One of the original show cats, the Manx cat breed is known for its unique tail (or rather, lack of tail). Breeding of the Manx cat breed began long before the official Cat Fancy shows began. They are a beloved symbol on the Isle of Man and have even been featured postage stamps! King Edward VIII of Great Britain was a lover of Manx cats. You might just fall in love with them too!
Title Photo Credit: Stanton McCandlish via Flickr
The Manx Look
A Manx cat is very round in appearance. They have round faces with wide cheeks and rounded eyes and ears. Their hind legs are powerful and allow them to jump very well. They are also longer than their front legs causing their rear end to stick up higher than their shoulders. Fur could be long or short but always has 2 coats. Sometimes the long hair Manx cats are considered a separate breed called Cymric.
Manx cats are not always tailless, in fact, there are 4 different lengths of tail:
- Rumpy – No tail at all. The tail vertebrae are entirely missing. There may even be a dimple where the tail should be.
- Rumpy Riser – A very short stump of a tail that rises slightly. This could be formed of cartilage or 1 – 3 vertebrae.
- Stumpy – A slightly longer stump of a tail that may be curved or kinked.
- Longy – Almost a normal length to a normal length tail.
Only Rumpys and Rumpy Risers are used as show cats, but Stumpys and Longys are also valuable. It takes all tail lengths to keep this breed healthy and strong.
Did You Know?
While Manx cats are known for short tails (or no tails), they are not the only cat breeds to have short tails. Two other cat breeds with unique tails are the Japanese Bobtail cat breed and the American Bobtail cat breed.
The Legendary Manx Cat Breed
The Manx cat breed has a very interesting history, however, no one is quite certain what that history is. What does seem to be certain is that the breed originated on the Isle of Man in the Irish Sea. The Isle of Man is also called Manx and that is how the Manx cat got its name. In the language of Manx, these cats are also referred to as “Stubbin” and “Kayt Mannignah.”
A Scientific Explanation
Scientists believe that, since cats are not actually native to the Isle of Man, these cats were probably brought there by explorers or settlers centuries ago. Who were these settlers? Popular scientifically-based theories include:
- The cats were brought to the Isle of Man by Vikings that settled there.
- Phoenician traders brought them back from Japan with them.
- Cats were aboard one of the ships in the Spanish Armada when the ship went down and the sea savvy cats swam to the Isle of Man.
Tales of the Tailless
According to scientists, the original cats probably had a normal cat tail, but somewhere along the way, a spontaneous genetic mutation occurred that created the tailless variety of Manx. However, the locals have some much more entertaining legends of how the Manx cat breed got its signature look:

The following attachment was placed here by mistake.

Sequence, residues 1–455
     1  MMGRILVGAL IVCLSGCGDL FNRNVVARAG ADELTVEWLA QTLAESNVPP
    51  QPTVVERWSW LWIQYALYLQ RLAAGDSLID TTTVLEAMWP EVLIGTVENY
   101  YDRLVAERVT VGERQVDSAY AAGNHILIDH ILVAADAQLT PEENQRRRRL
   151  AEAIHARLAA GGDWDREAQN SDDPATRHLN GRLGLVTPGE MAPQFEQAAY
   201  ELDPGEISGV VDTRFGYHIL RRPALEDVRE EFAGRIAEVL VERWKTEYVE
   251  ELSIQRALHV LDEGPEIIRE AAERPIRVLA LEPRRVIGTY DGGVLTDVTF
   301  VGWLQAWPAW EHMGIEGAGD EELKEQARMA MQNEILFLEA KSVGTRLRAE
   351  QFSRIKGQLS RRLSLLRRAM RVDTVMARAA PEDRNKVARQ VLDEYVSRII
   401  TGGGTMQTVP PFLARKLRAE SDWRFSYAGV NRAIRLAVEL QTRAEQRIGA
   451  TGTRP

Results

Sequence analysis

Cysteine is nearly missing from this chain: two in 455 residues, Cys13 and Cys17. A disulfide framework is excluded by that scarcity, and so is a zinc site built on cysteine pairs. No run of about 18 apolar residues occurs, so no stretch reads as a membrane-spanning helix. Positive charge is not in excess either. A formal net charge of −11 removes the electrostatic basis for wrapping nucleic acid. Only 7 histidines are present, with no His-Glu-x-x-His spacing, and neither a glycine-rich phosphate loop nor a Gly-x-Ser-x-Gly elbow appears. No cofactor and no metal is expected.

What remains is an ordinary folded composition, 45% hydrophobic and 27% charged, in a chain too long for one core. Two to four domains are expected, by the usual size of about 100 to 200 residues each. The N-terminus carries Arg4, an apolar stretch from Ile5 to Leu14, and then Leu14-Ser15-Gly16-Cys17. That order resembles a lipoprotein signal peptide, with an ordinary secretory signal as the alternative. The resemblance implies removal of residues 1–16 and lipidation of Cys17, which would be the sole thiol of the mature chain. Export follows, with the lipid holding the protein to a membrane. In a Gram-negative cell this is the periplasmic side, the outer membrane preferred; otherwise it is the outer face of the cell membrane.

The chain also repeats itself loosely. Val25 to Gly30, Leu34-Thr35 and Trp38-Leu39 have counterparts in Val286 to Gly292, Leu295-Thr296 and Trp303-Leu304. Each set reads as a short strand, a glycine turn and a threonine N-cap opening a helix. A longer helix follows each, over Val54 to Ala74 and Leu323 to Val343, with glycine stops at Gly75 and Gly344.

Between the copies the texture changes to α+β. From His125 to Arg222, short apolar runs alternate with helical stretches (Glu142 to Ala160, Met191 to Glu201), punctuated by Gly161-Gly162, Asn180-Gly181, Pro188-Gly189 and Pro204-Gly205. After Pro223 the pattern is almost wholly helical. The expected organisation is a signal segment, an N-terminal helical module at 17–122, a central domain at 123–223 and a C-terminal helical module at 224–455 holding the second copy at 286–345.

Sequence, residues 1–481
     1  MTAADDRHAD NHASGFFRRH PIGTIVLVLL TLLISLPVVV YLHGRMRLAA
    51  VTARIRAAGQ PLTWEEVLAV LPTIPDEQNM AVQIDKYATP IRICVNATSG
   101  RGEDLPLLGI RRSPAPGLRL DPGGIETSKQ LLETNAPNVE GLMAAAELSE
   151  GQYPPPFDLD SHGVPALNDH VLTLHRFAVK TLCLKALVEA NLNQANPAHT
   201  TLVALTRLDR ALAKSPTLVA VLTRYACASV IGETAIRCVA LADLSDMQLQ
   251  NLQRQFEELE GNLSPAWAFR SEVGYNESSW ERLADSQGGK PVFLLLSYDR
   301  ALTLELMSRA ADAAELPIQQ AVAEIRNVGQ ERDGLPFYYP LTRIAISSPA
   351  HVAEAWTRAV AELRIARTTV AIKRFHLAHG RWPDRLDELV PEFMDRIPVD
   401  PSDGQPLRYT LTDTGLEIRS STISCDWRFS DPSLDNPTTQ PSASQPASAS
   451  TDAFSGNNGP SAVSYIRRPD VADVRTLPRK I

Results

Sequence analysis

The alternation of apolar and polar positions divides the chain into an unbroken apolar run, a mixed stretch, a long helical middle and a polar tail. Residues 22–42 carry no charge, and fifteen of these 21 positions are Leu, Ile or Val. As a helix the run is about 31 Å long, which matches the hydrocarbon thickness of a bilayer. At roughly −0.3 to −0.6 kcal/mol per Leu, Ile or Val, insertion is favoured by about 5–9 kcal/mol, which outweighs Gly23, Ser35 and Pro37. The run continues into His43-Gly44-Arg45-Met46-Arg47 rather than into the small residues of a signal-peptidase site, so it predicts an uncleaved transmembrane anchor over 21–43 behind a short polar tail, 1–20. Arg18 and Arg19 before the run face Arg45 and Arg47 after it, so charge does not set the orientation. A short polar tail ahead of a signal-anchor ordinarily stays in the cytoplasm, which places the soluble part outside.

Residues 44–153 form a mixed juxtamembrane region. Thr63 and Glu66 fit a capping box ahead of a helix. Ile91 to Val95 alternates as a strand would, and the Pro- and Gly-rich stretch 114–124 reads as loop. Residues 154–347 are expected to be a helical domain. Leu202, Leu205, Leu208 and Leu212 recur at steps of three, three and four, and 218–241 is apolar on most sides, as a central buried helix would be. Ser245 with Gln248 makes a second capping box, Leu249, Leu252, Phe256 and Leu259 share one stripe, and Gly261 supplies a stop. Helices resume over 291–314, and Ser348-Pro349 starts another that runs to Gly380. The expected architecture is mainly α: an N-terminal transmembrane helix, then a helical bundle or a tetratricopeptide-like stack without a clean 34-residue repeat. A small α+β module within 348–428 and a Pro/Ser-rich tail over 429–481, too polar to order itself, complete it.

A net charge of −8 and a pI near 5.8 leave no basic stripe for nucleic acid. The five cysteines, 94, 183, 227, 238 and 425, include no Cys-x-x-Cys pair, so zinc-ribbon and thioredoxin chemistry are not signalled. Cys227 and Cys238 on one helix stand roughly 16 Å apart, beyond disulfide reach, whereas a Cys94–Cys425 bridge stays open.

- A Manx cat was the last animal loaded aboard Noah’s Ark. After nearly missing their ride, Noah slammed the door to the ark, cutting off the Manx’s tail.
- The Manx cat breed is really the product of the mating of a cat and a rabbit; Thus the small or non-existent tail.
- Invaders came onto the Isle of Man and took the cat’s tails for the plumes in their hats.
- There were people who considered the Manx’s tail so lucky that they would steal baby Manx kittens. To protect her young from being stolen from her, the Manx mothers began chewing off their babies’ tails.
Health & The Trouble With Tiny Tails
For the most part, the Manx cat breed is very healthy. The only breed related health problem is the potential for Manx Syndrome. Manx Syndrome is a heredity malformation in the cat’s spine caused by the Manx gene (an incomplete dominant gene). Some of the effects of Manx Syndrome are Spinal Bifida, fused vertebrae, and colon problems. Healthy Manx cats will carry at least one copy of a gene for a normal length tail and, therefore, may have a normal length tail.
If a cat receives a copy of the Manx gene, the length of the cat’s tail could be anywhere from a normal length tail to no tail at all. Cats with 1 Manx gene can be perfectly healthy cats. Generally speaking, cats that receive 2 copies of the Manx gene will die in utero or within 4 months after birth. Careful breeding can keep occurrences of Manx Syndrome to a minimum.
The Marvelous Manx
Overall, Manx cats are great cats to have in your home. They are great with children and other pets. These cats are fun-loving, intelligent, protective, loyal to family, and great hunters. Some even consider them to be dog-like because they are easy to train and love to play fetch.
The Manx cat breed is slightly less common than other breeds, but they are still easy to find. If you would consider adopting a Manx cat into your family, please check Petfinder or your local animal rescues.